Release Date: Jun 15, 2018
Record label: Sub Pop
Genre(s): Pop/Rock, Alternative/Indie Rock
Rolling Blackouts Coastal Fever's first two EPs introduced a band that knew a thing or two about making jangle pop. With one foot in the six-string chime of the '80s and another planted firmly in the here and now, the Australian quintet crafted plangent songs built around half-sung melodies, spiraling lines, and tempos that had a low-key drive to them. It was a little rough around the edges, a little unfocused at times, but on its debut album from 2018, Hope Downs, the band has tightened things up in just the right ways and come up with something magical.
Hope Downs is a sprawling iron ore mine located in Western Australia, a remote area that is integral to the country's local and global economy. A cursory glimpse at the site shows an empty vastness, a calculated terrain that brings prosperity on a large scale. It also goes by the most fanciful of terms - hope - that imperceptive expectation that always follows us regardless of whether we choose to believe it.
Rolling Blackouts Coastal Fever wastes no time in getting to their strength--jangling, propulsive pop-rock--on their debut full-length Hope Downs. There is no table-setting track here. No slow fade in or superfluous into. In fact, opener "An Air Conditioned Man" almost seems to pick up in medias res when you press play.
Rolling Blackouts Coastal Fever are either the world's most meandering pop band or its most efficient jam band. Either way, for their purposes, jamming is as much a lyrical strategy as musical one. Over the course of two excellent EPs, the Melbourne quintet has mastered an adrenalized, infectious brand of motorik jangle rock that's both warmly nostalgic and thrillingly unpredictable.
This Melbourne band's full-length debut is a minor marvel: 10 perfectly pitched guitar-pop songs, not a dud among 'em. There are echoes of other bands - generous handfuls of R.E.M. and the Cure, mostly, with a little New Order and Television thrown in - but they make it all sound absurdly crisp and new, like some kind of magic trick. Take "Mainland," the album's third track and one of several instant winners.
Keeping guitar rock on life support. It's a beautiful sound when everything comes together. On 2016's Talk Tight, Australian guitar fetishists Rolling Blackouts Coastal Fever already had it all figured out. That EP was a rocket shot straight out of early '80s college radio, all jittery and jangly. Last year's The French Press doubled down on the caffeine angle with better, sharper songs, the jams unfurling out slightly longer, the lyrics more agitated.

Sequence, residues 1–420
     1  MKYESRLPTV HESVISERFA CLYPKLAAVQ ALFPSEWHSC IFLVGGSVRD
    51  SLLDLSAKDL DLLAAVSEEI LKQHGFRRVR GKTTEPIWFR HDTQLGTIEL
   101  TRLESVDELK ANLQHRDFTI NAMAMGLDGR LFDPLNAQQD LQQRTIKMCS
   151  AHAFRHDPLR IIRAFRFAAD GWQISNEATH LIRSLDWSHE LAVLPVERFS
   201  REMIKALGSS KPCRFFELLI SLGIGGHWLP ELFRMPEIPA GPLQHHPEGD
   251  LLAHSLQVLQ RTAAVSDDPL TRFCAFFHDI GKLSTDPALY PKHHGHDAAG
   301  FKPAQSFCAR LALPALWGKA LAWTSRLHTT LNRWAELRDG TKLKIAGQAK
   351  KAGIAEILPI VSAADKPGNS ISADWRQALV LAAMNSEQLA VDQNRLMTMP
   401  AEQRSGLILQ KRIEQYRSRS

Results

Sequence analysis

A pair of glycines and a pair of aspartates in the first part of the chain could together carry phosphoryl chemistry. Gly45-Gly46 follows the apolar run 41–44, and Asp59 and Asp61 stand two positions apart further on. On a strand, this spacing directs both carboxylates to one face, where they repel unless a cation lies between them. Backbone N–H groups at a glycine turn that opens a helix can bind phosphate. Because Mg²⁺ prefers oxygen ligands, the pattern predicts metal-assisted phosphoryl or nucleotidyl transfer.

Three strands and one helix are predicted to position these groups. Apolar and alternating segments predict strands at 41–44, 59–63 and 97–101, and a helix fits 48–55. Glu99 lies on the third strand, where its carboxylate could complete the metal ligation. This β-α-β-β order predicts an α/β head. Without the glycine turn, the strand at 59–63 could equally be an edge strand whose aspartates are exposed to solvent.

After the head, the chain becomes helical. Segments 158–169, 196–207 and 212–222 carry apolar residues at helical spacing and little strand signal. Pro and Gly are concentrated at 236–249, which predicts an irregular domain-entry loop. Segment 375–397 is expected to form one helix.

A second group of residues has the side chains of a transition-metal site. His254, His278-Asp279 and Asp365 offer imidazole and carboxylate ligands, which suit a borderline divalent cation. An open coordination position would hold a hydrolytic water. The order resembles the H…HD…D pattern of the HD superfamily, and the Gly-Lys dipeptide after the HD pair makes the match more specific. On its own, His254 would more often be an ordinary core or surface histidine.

Melbourne's Rolling Blackouts Coastal Fever emerged with a finely-formed sound and style on their debut EP Talk Tight in 2016, which was further boosted by a record deal with Sub Pop, and sharpened on the impeccable second EP The French Press the following year. Their combination of effervescent guitars playing in unstoppable fluidity, coupled with disgruntled lyricism, was potent on all six of the tracks of that second collection, which was one of the most easily replayable releases of the year. The brevity of both EPs was a strength, as they were out and done with a flash, before the sound became homogenous.
Somehow, despite the overly complicated name, Melbourne five-piece Rolling Blackouts Coastal Fever have been building a substantial amount of hype since their 2016 Talk Tight EP. This peaked with last year's excellent The French Press EP, the band's debut for Sub Pop, an excellent six-track, tightly wound guitar record which announced the band's arrival on the big stages of summer festivals for years to come. So now, with their debut full-length Hope Downs, the band look to consolidate their justified amount of hype, and, for the most part, generally succeed.
Easily one of the best singles of 2018 so far, its direct indie/punk/country amalgamation hitting you right to the core. And it isn't the first time these guys have done it. 2017's The French Press in particular showcased the band's knack for a tune, with tracks "Sick Bug'', "Colours Run'' and "Dig Up'' notable highlights. Thankfully, Hope Downs continues in the same style, at times recalling both the noodling post-punk of Television and the country/indie vibe of Deer Tick and Horse Thief .
The rise of Rolling Blackouts Coastal Fever has been a rapid one, almost to the point that it's been easy to miss. Debut full-length 'Hope Downs' follows two quickfire EPs, and knows its game inside out. The ten tracks here largely come from the same rulebook: hooky indie-rock that's shiny and danceable on the surface, but holds far more wonder if peered at a little more closely.
There's something unmistakeably Australian about Rolling Blackouts Coastal Fever. Their laid-back demeanour, wry lyrical delivery, passion for retrograde indie rock and the nuances that can be found within it. The latest guitar-wielding artists from the Pacific's current burgeoning scene are a band of dreamers, whose upbeat and hook-laden indie surf punk offsets the sombre undertones of their lyrics and has captured the hearts of many a listener, in the wake of the word-of-mouth success of 2017's 'The French Press' EP and rollicking lead single 'Talking Straight'.